David, in his camouflage khakis, was awash in bright, brief scintillance as on-screen, a Firebat was slain, and the confinement fields projected around his plasma-charged fire-tanks flickered and died, and a stray gauss rifle round ricocheted into the bare metal...a spherical inferno blossomed with unnerving speed, instantly immolating the Terran within, but also scorching half a dozen nearby zerglings into the void as well, a final act of retaliation on the behalf of the soldier, representative of what humanity was being laid low to do. No more were the valiant strikes on enemy strongholds, but now the damage was dealt in dying throes.

The Battle of Tarsonis definitely had chiseled a difference within the formerly relatively nonchalant commando. It was as if a sculptor had taken a razor and chiseled his face into an angular ghost of its former self. The eyes were drawn to acute points, and the irises themselves burned slightly brighter, perhaps a trick of the light. His cheeks were slightly depressed, and the bones were more pronounced.

The recording, a work of a mime, as without the sound, the vibrant blood and weapons seemed muted in their color, was abruptly paused. The commando had his fingers, bleached white from a lack of melanin developed from sunlight, curled in a professional grim around the butt of his sidearm, the traditional Ghost-trooper handgun. His mind strained a single thought: A sneak attack aboard the vessel?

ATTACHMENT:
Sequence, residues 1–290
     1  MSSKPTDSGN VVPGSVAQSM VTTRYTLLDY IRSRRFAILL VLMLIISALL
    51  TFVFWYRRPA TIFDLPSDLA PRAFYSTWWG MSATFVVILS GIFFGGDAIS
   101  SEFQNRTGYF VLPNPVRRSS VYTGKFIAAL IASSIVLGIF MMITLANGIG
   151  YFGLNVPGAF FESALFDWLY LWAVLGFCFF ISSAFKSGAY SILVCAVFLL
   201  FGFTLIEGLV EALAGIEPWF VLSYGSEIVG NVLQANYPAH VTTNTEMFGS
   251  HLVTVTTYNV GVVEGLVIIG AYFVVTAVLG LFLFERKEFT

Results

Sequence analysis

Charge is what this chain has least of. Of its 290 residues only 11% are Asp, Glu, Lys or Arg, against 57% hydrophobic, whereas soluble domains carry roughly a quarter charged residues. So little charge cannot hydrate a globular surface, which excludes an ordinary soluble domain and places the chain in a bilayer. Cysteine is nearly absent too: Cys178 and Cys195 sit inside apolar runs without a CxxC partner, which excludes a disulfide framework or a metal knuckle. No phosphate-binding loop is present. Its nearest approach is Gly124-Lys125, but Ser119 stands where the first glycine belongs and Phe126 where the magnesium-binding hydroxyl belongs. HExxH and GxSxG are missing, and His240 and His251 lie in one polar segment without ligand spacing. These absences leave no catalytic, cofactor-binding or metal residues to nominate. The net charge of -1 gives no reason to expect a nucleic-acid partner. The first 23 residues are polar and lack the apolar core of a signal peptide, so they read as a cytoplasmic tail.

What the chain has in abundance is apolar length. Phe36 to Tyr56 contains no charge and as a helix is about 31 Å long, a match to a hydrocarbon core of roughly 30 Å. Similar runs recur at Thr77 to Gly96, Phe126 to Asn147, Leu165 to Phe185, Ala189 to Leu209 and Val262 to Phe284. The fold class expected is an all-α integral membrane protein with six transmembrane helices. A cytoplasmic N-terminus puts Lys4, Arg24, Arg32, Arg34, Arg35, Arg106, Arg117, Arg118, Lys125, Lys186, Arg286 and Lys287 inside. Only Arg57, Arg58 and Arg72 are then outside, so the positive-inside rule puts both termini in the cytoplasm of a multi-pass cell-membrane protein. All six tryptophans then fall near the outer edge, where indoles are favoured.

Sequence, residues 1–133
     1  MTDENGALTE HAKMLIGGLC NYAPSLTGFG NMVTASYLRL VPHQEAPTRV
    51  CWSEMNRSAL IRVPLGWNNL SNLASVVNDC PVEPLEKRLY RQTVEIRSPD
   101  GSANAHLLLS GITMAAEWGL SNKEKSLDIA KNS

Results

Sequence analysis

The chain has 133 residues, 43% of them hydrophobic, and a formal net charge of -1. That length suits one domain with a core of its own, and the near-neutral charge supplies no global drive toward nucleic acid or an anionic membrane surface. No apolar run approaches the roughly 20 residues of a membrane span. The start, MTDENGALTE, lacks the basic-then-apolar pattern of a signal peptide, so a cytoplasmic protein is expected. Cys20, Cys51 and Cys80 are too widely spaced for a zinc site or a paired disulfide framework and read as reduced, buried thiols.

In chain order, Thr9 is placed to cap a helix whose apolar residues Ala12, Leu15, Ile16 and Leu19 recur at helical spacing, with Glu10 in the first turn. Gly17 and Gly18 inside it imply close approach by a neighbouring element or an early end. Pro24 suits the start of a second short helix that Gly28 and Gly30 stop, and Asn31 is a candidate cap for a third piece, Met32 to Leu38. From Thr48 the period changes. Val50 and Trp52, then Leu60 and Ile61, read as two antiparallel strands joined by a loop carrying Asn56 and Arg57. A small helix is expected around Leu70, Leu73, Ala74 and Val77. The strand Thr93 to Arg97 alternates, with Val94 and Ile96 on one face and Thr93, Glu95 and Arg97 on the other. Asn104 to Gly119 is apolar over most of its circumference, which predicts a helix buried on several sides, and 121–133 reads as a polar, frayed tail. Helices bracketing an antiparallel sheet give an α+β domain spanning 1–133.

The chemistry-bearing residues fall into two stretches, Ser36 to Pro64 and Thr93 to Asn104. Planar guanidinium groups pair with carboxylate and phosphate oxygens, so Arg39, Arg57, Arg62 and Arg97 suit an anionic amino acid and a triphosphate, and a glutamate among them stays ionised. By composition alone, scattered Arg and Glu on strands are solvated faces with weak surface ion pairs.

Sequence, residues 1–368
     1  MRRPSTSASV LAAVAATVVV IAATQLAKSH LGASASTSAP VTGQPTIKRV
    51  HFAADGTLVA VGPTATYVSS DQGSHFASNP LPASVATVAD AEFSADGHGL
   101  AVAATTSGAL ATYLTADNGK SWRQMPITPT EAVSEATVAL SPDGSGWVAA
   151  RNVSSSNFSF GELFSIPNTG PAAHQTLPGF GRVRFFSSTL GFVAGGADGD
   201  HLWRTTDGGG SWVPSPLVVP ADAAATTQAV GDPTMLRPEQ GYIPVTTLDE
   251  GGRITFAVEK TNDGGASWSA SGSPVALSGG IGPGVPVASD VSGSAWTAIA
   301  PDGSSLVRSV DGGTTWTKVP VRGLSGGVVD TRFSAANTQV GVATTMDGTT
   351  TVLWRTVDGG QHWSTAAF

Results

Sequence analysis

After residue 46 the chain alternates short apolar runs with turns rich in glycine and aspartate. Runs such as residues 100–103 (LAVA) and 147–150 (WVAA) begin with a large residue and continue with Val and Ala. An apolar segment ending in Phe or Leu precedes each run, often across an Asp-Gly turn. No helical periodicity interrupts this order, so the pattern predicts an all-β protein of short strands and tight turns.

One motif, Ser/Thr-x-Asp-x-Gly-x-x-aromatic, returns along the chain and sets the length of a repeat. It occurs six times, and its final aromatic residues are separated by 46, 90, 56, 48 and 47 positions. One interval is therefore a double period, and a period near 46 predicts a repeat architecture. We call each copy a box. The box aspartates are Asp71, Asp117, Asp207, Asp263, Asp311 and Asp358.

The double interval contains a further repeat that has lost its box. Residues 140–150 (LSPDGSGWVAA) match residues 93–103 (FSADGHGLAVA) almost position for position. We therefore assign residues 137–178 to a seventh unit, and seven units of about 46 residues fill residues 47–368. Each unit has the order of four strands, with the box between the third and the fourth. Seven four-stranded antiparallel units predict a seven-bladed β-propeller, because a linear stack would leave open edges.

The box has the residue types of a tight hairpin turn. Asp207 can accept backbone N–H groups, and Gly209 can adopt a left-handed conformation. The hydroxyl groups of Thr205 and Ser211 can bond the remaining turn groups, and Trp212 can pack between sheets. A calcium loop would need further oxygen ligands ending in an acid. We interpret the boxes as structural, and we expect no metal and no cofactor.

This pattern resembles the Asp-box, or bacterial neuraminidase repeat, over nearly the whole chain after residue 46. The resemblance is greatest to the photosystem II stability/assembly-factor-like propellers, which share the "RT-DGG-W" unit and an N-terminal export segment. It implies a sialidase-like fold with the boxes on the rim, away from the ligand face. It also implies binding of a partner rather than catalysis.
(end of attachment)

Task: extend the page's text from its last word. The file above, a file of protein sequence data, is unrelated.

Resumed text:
Instead, a disembodied voice whispered through the speakers. “Colonel, this is Jacqueline, Artificial Intelligence II-9815, second tactical coordinator of the Agamemnon. I have Lieutenant Johan on the line for a mission briefing.”

The voice intonation slightly changed, a sign of the AI substituting aural subroutines. “Putting contact online. Please wait a moment.”

The Ghost-trooper belatedly realized that the military AI, for a moment, sounded like some civilian phone operator.

Thoughts rushed through his head. But there are no more civilians in this war...

The veracity of the statement astounded him, trembling him to his primal being. It was an insidious snake worming itself into his heart, and for a moment, he faltered in his tactical mind’s analysis of the frozen picture. The Korprulu Sector was disintegrating into a thousand brushfire battles, with the greatest of governments splintering, factions denouncing their allegiance to one another. Humanity had held the higher ground before the invasion. Now, its spirit had been broken, as its spine: the Terran fleets were wayward and dying, unable to fend against the aggressive maneuvers of the Protoss and the Zerg as they clenched Homo sapiens between their teeth, crumbling the divided human forces with ease as they seeked to eradicate each other.